Theories of Atonement: Ransom to Satan Theory

Over the next few weeks I will be outlining the various theories of atonement that are prevalent in the Christian community.  By no means is it meant to be an exhaustive list, but six theories will be written about.  The first one in the series is what is called the “Ransom to Satan theory.”


This view was put forth by the early church father Origen.  According to the theory, the death of Christ was a ransom that was paid to Satan because we are in his kingdom because of sin[1].  Origin states in his commentary on Matthew, “But to whom did He give His soul as a ransom for many? Surely not to God. Could it, then, be to the Evil One? For he had us in his power, until the ransom for us should be given to him, even the life (or soul) of Jesus, since he (the Evil One) had been deceived, and led to suppose that he was capable of mastering that soul, and he did not see that to hold Him involved a trial of strength (thasanon) greater than he was equal to[2].”  There were not many other church fathers who held this view, but the great early church theologian Augustine did[3].

To better understand this theory the concept of a prisoner of war may be helpful.  In war when an opposing Army captures an enemy soldier they await a ransom to release him.  This may come in the form of money, other captives, or a peace treaty, but there is some kind of ransom.  In this theory Satan is the opposing Army that has captures enemy soldiers.  Through the death of Christ the ransom is paid for our release[4].

Though this theory makes sense from a philosophical viewpoint there are some issues from a theological perspective.  There are many passages in scripture that speak about the righteousness of God being offended by our sin. One such verse is Deuteronomy 24:16 which states, “Parents are not to be put to death for their children, nor children put to death for their parents; each will die for their own sin[5].”  Another is found in Isaiah 64:6 which reads, “All of us have become like one who is unclean, and all our righteous acts are like filthy rags, we all shrivel up like a leaf, and like the wind our sin sweeps us away[6].”  It is clear that it is God who is offended and must be made whole.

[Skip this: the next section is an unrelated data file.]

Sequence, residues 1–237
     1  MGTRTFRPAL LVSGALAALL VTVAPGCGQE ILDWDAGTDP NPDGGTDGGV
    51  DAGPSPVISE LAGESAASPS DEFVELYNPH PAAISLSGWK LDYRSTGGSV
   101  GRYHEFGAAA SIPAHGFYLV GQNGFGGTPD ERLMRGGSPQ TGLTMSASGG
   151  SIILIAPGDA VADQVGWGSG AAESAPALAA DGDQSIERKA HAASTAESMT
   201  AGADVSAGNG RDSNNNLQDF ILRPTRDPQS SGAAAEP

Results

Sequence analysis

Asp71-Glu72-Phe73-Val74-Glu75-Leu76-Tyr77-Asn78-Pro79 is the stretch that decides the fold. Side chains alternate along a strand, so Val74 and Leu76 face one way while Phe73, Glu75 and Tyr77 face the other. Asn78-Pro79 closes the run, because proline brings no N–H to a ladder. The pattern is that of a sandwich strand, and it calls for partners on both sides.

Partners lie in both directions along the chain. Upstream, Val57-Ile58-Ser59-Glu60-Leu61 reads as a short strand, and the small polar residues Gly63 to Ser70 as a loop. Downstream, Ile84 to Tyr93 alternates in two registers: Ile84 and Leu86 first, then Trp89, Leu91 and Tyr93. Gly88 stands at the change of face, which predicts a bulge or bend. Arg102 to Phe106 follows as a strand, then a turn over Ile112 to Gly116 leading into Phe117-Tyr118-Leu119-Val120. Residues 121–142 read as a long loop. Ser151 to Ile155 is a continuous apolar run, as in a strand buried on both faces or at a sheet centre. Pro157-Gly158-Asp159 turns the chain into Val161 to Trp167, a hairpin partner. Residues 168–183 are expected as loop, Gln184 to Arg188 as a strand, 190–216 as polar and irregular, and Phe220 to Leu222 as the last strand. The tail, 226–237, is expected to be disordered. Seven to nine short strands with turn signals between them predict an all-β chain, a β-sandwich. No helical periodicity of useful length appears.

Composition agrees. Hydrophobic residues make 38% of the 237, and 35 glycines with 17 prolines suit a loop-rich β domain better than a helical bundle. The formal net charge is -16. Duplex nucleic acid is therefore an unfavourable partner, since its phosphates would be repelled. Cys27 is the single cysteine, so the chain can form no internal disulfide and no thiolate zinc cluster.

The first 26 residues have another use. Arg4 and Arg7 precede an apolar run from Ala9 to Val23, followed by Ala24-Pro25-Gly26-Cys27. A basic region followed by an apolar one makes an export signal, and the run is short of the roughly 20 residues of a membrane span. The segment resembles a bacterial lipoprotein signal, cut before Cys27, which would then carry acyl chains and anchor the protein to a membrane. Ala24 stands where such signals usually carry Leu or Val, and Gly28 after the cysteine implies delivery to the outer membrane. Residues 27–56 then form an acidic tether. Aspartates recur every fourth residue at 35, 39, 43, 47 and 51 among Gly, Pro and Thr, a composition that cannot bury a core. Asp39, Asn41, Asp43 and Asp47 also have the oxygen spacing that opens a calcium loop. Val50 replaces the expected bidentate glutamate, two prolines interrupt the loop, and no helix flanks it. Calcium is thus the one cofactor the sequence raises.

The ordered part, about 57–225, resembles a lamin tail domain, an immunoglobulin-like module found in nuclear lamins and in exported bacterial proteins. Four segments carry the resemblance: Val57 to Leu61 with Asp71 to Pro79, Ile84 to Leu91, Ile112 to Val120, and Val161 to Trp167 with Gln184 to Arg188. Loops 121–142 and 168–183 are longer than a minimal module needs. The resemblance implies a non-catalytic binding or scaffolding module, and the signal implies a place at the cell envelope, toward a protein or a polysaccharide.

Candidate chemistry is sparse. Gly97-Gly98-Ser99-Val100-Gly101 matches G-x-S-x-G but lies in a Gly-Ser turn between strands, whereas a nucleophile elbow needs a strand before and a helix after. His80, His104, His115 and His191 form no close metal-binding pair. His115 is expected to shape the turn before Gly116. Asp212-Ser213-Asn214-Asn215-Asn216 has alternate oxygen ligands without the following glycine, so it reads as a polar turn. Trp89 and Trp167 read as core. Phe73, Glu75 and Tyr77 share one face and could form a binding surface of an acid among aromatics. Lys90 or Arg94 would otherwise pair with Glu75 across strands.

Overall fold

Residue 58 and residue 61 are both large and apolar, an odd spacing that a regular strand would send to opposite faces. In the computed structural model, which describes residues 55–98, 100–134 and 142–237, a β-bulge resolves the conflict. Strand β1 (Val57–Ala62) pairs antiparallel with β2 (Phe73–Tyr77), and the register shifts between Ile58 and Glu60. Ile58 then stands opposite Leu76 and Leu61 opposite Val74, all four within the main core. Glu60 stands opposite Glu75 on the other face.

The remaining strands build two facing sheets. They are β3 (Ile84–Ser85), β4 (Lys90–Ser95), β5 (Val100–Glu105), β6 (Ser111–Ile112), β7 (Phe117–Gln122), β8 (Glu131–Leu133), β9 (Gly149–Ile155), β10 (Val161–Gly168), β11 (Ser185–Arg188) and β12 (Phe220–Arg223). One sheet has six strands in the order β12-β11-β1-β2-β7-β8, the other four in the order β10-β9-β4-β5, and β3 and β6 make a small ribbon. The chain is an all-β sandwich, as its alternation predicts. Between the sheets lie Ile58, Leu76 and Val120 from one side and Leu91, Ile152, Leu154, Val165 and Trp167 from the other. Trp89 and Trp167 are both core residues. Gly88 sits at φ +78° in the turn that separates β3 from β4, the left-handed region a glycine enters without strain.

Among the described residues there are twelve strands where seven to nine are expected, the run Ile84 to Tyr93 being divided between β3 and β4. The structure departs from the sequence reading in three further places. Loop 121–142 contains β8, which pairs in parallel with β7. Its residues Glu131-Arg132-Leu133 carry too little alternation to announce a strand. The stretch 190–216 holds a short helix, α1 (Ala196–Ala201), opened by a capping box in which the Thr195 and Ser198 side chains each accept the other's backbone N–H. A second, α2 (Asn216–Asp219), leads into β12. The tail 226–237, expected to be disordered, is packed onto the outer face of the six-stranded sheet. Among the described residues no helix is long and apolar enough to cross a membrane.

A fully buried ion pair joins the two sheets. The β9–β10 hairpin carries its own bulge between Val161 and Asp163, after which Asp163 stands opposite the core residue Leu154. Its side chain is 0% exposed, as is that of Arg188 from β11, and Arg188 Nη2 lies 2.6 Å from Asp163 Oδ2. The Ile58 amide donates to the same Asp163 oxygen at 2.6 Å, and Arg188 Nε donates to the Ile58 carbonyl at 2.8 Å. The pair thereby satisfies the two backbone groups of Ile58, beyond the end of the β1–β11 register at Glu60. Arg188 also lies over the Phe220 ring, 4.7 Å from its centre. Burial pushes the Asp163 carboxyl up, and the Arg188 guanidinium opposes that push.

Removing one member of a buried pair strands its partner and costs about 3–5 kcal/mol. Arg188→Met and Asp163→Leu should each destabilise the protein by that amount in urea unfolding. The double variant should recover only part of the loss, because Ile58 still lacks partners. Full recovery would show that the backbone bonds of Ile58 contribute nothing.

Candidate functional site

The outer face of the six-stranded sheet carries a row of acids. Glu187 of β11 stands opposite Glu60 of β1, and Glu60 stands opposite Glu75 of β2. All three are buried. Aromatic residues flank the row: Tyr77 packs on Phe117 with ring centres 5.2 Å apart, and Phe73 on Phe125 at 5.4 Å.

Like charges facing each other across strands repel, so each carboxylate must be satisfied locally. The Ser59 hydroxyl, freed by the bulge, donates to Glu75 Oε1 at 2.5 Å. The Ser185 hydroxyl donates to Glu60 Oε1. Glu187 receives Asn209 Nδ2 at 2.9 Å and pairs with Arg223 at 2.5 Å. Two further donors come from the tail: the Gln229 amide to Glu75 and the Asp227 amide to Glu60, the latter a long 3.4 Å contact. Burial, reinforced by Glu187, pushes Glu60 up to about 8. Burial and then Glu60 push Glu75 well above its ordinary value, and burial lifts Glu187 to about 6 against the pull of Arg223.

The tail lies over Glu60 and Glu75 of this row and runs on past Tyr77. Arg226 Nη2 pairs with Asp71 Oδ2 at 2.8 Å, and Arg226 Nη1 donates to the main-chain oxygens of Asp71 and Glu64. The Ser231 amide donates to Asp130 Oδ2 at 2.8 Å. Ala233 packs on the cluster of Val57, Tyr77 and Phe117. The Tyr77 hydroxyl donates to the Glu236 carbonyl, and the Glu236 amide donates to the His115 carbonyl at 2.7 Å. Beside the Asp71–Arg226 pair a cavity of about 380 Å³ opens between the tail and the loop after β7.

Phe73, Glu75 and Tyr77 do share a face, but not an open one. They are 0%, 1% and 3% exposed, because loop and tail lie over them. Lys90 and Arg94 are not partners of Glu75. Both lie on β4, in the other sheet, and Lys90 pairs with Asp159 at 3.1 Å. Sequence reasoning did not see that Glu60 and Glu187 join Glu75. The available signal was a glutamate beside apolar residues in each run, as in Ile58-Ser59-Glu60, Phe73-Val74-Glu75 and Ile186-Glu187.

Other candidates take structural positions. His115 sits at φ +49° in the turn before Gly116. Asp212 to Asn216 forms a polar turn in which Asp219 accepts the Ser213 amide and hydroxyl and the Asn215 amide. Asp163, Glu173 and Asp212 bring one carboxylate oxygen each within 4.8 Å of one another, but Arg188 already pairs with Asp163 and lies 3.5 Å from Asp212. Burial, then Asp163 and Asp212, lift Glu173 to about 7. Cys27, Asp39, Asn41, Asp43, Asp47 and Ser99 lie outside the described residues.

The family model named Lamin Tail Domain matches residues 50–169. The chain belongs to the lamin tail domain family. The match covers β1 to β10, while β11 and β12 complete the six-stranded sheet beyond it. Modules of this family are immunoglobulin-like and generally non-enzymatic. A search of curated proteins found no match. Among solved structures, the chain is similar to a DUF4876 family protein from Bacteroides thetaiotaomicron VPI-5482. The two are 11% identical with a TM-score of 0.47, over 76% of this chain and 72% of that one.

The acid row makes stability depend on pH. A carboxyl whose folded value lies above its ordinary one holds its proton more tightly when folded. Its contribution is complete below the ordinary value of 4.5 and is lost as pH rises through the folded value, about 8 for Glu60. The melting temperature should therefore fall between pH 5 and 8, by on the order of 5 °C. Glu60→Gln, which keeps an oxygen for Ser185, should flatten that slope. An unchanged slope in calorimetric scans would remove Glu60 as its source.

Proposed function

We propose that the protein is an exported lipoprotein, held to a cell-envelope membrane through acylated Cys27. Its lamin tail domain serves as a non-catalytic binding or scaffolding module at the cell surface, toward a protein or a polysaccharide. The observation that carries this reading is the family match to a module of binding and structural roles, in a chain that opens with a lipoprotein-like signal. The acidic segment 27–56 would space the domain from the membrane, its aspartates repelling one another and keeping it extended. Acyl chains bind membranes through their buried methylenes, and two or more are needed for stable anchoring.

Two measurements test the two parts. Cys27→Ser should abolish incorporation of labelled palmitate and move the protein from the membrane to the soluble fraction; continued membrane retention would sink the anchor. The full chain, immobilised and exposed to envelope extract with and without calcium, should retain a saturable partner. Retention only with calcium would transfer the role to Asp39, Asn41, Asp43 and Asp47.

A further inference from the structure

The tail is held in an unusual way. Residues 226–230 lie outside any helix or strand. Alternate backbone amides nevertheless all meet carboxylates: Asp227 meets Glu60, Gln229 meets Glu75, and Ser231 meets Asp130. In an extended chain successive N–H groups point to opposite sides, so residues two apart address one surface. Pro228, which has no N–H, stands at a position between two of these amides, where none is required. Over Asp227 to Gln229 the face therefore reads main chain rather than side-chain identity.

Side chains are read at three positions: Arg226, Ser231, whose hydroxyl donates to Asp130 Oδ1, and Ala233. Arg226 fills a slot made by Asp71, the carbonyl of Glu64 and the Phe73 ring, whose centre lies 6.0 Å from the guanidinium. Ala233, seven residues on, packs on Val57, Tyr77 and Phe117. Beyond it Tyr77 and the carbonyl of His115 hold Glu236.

The concept of the theory does not find support in scripture.  Additionally it gives Satan much more power than what he really has[7].  It ignores God’s justice in regards to sin.  This view also ignores all the texts in scripture that speak of Christ’s death as the propitiation for our sins such as 1 John 2:2.  That passage of scripture states, “He is the propitiation for our sins, and not for ours only but also for the sins of the whole world[8].”

The cross was used a sign of judgment against Satan not a ransom to him[9].  Overall this theory has little support historically and biblically and must be seen as false.


[1] A.w. Pink, Studies of the Atonement (Logos Bible Software, 2013), 151.

[2] Allen Menzies, ed., The Ante-Nicene Fathers, 5th ed (New York, NY: The Christian Literature Company, 1897), 494.

[3] Paul Enns, The Moody Handbook of Theology (Chicago, IL: Moody Publishers, 2014), 333.

[4] Wayne Grudem, Systematic Theology (Grand Rapids, MI: Zondervan, 1994), 581.

[5] Deuteronomy 24:16 (New International Version).

[6] Isaiah 64:6 (New International Version).

[7] Wayne Grudem, Systematic Theology (Grand Rapids, MI: Zondervan, 1994), 581.

[8] 1 John 2:2 (English Standard Version).

[9] Paul Enns, The Moody Handbook of Theology (Chicago, IL: Moody Publishers, 2014), 335.



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